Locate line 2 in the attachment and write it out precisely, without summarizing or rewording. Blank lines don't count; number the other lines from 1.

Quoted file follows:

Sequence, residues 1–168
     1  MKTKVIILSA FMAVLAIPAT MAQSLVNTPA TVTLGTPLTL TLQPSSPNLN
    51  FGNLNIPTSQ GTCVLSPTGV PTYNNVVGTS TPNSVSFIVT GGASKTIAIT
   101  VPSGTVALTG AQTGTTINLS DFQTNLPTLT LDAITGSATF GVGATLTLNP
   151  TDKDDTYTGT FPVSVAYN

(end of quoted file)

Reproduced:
     1  MKTKVIILSA FMAVLAIPAT MAQSLVNTPA TVTLGTPLTL TLQPSSPNLN